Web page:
DURHAM, N.C., Nov. 29 (UPI) -- As the U.S. government considers defining coal ash as a hazardous waste material, researchers say they've developed new ways of measuring its ecological impact.
Researchers from Duke University studied contaminant levels in aquatic ecosystems over an 18-month period following a massive coal sludge spill in 2008 at a Tennessee Valley Authority power plant in Kingston, Tenn., a university release said.
The Duke scientists found that high concentrations of arsenic from the TVA coal ash remained in river-bottom sediment long after contaminant levels in surface waters had dropped back below safe thresholds.
"The take-away lesson is we need to change how and where we look for coal ash contaminants," Avner Vengosh, professor of geochemistry and water quality, says. "Risks to water quality and aquatic life don't end with surface water contamination, but much of our current monitoring does."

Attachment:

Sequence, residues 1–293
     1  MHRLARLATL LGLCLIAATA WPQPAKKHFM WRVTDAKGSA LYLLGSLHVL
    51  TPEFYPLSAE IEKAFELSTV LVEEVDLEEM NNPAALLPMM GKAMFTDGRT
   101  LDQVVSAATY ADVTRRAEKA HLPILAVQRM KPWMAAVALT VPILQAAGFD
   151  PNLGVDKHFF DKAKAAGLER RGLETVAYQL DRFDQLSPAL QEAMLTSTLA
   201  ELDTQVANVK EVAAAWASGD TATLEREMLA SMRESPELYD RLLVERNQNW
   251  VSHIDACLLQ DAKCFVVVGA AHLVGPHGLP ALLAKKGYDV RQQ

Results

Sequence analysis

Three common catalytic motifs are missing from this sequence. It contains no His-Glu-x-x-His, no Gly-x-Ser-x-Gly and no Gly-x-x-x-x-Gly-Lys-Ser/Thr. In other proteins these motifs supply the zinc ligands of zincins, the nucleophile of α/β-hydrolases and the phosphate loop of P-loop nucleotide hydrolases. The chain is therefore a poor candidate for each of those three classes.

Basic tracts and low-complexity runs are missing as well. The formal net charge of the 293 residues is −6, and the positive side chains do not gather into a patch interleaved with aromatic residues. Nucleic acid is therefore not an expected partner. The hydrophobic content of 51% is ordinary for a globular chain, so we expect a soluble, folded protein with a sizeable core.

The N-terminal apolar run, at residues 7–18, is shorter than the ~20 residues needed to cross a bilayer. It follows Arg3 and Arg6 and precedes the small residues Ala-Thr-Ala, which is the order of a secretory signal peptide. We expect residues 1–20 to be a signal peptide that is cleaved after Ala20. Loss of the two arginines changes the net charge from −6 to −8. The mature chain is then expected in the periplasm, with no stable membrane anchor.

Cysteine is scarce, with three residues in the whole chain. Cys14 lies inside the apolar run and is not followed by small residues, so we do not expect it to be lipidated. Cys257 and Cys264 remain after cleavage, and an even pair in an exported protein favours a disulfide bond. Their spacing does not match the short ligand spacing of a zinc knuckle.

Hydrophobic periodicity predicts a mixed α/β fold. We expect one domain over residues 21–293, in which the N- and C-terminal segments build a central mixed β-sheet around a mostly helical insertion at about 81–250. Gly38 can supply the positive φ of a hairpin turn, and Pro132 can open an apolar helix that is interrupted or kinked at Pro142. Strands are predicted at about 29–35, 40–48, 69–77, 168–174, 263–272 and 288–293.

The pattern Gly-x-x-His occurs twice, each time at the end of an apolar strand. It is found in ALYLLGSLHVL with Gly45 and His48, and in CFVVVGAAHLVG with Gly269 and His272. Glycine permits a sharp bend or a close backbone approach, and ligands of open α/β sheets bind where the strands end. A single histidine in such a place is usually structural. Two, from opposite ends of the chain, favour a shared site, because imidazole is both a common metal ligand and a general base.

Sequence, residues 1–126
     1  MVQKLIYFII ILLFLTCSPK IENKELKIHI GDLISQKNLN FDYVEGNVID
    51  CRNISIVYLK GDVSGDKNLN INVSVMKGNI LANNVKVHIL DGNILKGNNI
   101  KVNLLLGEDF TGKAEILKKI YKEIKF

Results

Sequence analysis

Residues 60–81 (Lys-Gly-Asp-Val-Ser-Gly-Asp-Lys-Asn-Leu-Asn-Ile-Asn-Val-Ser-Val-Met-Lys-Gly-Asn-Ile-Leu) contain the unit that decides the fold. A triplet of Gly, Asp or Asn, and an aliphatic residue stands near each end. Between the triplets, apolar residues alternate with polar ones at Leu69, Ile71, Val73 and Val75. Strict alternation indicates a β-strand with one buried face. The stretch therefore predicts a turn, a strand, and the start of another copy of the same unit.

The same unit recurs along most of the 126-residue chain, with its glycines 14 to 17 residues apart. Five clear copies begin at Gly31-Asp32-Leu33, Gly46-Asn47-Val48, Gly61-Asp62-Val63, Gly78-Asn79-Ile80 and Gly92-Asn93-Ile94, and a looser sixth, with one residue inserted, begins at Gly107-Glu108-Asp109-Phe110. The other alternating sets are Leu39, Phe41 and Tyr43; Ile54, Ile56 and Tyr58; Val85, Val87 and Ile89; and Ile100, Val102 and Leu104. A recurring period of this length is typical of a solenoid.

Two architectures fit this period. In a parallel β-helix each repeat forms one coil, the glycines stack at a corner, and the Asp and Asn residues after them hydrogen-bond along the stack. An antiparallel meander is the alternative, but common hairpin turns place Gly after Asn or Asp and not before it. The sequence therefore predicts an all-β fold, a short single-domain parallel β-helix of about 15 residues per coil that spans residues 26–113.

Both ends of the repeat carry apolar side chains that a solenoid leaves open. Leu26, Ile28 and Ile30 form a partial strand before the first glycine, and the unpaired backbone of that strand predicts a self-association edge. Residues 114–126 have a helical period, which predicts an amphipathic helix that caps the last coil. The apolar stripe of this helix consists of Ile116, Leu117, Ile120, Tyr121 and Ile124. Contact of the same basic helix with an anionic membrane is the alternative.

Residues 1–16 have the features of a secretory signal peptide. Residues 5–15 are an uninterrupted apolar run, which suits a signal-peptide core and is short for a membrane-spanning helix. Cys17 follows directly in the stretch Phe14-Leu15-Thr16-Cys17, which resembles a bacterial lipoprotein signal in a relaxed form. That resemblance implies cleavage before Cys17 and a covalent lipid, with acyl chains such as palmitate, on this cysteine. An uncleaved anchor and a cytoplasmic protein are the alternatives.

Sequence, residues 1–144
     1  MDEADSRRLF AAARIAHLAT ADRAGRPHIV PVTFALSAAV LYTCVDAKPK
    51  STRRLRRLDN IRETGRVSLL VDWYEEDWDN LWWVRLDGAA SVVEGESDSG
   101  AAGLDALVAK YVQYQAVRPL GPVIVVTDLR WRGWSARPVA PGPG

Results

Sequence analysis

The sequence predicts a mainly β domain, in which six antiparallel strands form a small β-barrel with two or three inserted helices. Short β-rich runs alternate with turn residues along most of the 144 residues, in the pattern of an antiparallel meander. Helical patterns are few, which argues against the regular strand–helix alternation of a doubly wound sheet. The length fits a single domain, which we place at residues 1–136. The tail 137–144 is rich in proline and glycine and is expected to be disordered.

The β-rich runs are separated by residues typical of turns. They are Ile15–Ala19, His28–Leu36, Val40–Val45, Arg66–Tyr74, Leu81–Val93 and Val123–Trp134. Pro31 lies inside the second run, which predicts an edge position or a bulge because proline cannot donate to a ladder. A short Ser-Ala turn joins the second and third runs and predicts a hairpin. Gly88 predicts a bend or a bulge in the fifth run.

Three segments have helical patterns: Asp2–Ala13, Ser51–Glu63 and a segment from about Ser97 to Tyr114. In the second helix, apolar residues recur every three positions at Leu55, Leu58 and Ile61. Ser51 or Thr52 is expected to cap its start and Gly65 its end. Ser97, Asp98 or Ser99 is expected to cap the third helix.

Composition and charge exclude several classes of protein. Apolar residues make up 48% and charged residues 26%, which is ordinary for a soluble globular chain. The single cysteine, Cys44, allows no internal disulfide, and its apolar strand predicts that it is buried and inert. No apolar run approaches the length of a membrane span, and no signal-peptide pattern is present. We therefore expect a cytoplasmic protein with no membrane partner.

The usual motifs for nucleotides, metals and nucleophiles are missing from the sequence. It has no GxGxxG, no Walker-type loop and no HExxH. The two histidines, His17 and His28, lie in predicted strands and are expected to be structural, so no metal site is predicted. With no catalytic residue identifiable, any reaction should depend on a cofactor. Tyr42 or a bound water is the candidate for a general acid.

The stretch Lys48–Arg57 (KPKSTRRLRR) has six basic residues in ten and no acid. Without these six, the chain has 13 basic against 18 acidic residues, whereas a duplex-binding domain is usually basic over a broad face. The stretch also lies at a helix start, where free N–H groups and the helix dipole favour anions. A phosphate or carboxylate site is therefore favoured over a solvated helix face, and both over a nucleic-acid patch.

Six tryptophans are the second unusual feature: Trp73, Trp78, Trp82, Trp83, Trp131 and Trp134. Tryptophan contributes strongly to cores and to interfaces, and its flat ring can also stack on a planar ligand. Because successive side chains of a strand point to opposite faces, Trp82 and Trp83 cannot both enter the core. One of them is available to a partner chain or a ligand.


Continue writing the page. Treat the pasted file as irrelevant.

Samples extracted from 4-18 inches below the surface of sediment in rivers contained arsenic levels of up to 2,000 parts per billion, well above the Environmental Protection Agency's thresholds of 10 parts per billion for safe drinking water and 150 parts per billion for protection of aquatic life.
"It's like cleaning your house," Vengosh says. "Everything may look clean, but if you look under the rugs, that's where you find the dirt."
The impacts of this contamination extend far beyond the river bottom, he says, because "this is where the biological food chain begins, so any bioaccumulation of toxins will start here."
The study comes as the EPA mulls whether to define ash from coal-burning power plants as hazardous waste; a final ruling is expected in coming months.
Vengosh says the decision will be "a defining moment."
"As long as coal ash isn't regulated as hazardous waste, there is no way to prevent discharges of contaminants from these facilities and protect the environment."